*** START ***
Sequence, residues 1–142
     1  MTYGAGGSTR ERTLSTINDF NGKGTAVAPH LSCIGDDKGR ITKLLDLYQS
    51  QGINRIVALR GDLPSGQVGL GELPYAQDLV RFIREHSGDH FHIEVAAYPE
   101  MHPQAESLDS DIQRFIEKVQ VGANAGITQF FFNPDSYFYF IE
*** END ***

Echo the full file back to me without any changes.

Sequence, residues 1–142
     1  MTYGAGGSTR ERTLSTINDF NGKGTAVAPH LSCIGDDKGR ITKLLDLYQS
    51  QGINRIVALR GDLPSGQVGL GELPYAQDLV RFIREHSGDH FHIEVAAYPE
   101  MHPQAESLDS DIQRFIEKVQ VGANAGITQF FFNPDSYFYF IE